Pence Says COVID-19 Does Not Give Democrats 'Blank Check' for Bailout

In a television interview, Vice President Mike Pence has reiterated the view of some senior Republicans that any coronavirus relief package should not be used to "bail out" Democrat-led states that have run up "massive deficits."

In May, the Democratic-led House of Representatives passed a $3.4 trillion aid bill which was dismissed by Republicans. Senate Majority Leader Mitch McConnell released the smaller $1 trillion HEALS Act in July and last week rejected Democrat demands for a bailout he believed was intended to save mismanaged Democratic-led states.

Amid deadlock between the Trump administration and congressional Democratic leaders on the terms of the new relief package, Pence also referred to the Democrats' bid to secure $1 trillion for state and local governments.

"The truth is that many states run by Democrats for decades have run up massive deficits," Pence told anchor Lou Dobbs.

The vice president said that for instance, the GOP's proposal for granting $105 billion for schools was "specifically tailored to the actual per student cost of returning to school in a safe and responsible way."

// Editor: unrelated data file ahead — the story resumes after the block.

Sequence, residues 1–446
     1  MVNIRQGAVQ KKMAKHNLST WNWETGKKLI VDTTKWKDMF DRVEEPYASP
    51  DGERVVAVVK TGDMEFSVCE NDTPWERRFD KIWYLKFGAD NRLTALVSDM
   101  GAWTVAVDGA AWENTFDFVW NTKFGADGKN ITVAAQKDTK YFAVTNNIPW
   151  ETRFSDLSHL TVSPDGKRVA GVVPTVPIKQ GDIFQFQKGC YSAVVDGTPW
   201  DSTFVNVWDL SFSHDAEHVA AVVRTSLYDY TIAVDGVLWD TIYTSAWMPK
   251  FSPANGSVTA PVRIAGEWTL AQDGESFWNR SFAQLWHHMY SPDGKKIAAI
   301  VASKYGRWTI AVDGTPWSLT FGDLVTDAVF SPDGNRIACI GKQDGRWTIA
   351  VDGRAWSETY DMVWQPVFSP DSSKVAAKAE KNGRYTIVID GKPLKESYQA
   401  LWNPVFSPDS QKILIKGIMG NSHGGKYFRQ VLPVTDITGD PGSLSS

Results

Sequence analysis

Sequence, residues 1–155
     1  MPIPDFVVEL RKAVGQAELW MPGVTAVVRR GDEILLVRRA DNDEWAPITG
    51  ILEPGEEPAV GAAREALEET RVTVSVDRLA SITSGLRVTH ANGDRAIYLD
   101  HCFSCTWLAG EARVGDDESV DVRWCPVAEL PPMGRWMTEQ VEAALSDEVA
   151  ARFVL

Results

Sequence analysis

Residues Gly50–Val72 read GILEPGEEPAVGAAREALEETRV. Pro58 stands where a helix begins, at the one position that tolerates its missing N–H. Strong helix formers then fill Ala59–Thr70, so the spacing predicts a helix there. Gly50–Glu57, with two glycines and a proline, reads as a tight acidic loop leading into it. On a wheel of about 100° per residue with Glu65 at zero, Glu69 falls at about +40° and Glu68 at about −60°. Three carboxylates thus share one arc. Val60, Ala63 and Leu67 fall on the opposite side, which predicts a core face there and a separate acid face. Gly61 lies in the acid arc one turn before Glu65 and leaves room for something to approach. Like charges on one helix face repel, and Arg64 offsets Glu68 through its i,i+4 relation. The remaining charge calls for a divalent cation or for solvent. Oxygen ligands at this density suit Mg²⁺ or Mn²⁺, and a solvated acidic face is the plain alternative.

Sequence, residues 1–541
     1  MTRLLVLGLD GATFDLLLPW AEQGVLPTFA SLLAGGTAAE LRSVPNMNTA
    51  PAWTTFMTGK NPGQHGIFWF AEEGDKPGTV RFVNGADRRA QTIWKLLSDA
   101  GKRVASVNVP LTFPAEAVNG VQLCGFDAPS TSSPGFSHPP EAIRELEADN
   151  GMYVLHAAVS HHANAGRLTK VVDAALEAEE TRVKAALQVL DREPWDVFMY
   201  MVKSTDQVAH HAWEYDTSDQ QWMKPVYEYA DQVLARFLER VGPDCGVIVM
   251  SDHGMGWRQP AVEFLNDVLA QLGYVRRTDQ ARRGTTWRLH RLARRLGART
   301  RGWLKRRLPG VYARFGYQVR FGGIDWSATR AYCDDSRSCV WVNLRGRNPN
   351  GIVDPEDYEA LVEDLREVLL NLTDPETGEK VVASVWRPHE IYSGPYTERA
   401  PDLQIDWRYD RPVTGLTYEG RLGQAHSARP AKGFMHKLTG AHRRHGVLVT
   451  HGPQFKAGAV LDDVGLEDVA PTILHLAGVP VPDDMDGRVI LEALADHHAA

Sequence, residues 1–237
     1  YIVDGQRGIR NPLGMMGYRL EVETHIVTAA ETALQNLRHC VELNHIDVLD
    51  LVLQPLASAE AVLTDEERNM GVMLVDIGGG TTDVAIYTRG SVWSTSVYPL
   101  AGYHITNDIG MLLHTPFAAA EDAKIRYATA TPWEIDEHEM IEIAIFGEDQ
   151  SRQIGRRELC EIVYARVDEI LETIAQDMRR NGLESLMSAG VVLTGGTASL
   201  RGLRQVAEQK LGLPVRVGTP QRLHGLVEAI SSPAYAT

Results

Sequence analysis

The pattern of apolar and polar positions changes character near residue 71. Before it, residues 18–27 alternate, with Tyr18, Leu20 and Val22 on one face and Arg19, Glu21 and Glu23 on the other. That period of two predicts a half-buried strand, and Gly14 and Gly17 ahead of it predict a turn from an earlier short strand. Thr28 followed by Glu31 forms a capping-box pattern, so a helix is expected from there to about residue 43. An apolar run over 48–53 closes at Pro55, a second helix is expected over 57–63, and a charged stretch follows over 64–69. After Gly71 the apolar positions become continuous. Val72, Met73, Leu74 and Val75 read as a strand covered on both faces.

"President Trump has made it clear we are not going to let liberal Democrats and the radical left use the coronavirus pandemic to bail out states that have been running deficits and debt for decades."

"This isn't a blank check for badly run states and especially those badly run states run by liberal democrats for decades," Pence added.

It echoes the sentiment of Trump, who last week tweeted that House Speaker Nancy Pelosi and Senate Minority Leader Chuck Schumer were "only interested in bailout money "for poorly run Democrat cities and states."

Amid the stalled talks, Trump signed executive orders on Saturday in a bid to help workers, businesses and local governments. However Democrats have been critical of Trump's move and governors have said the order could strain their budgets.

Furthermore, with the $600-a-week supplement to unemployment benefits coming to an end on July 31, Trump's order for further $400 benefits required states to supplement it by $100, leading some governors to saying it was not affordable.

Kentucky's Democrat Governor Andy Beshear said, according to The New York Times, that the $1.5 billion bill for his state to implement the measure "was not workable in its current form and that "it's something virtually no state can afford."

However, Republican Gov. Asa Hutchinson of Arkansas said, "We could do it," although it "would be a readjustment of priorities and take some time," The Times reported.

 Mike Pence
U.S. Vice President Mike Pence is pictured with President Donald Trump in the White House. Pence says the GOP won't agree to COVID-19 relief which he says would be a bail out for Democrat-led states. Brendan Smialowski/Getty Images